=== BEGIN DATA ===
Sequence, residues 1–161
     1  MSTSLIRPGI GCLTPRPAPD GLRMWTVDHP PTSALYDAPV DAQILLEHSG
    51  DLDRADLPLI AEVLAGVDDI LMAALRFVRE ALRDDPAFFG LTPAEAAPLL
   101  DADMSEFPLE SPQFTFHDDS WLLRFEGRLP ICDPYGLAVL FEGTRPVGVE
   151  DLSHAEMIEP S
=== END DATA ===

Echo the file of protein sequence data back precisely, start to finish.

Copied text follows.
Sequence, residues 1–161
     1  MSTSLIRPGI GCLTPRPAPD GLRMWTVDHP PTSALYDAPV DAQILLEHSG
    51  DLDRADLPLI AEVLAGVDDI LMAALRFVRE ALRDDPAFFG LTPAEAAPLL
   101  DADMSEFPLE SPQFTFHDDS WLLRFEGRLP ICDPYGLAVL FEGTRPVGVE
   151  DLSHAEMIEP S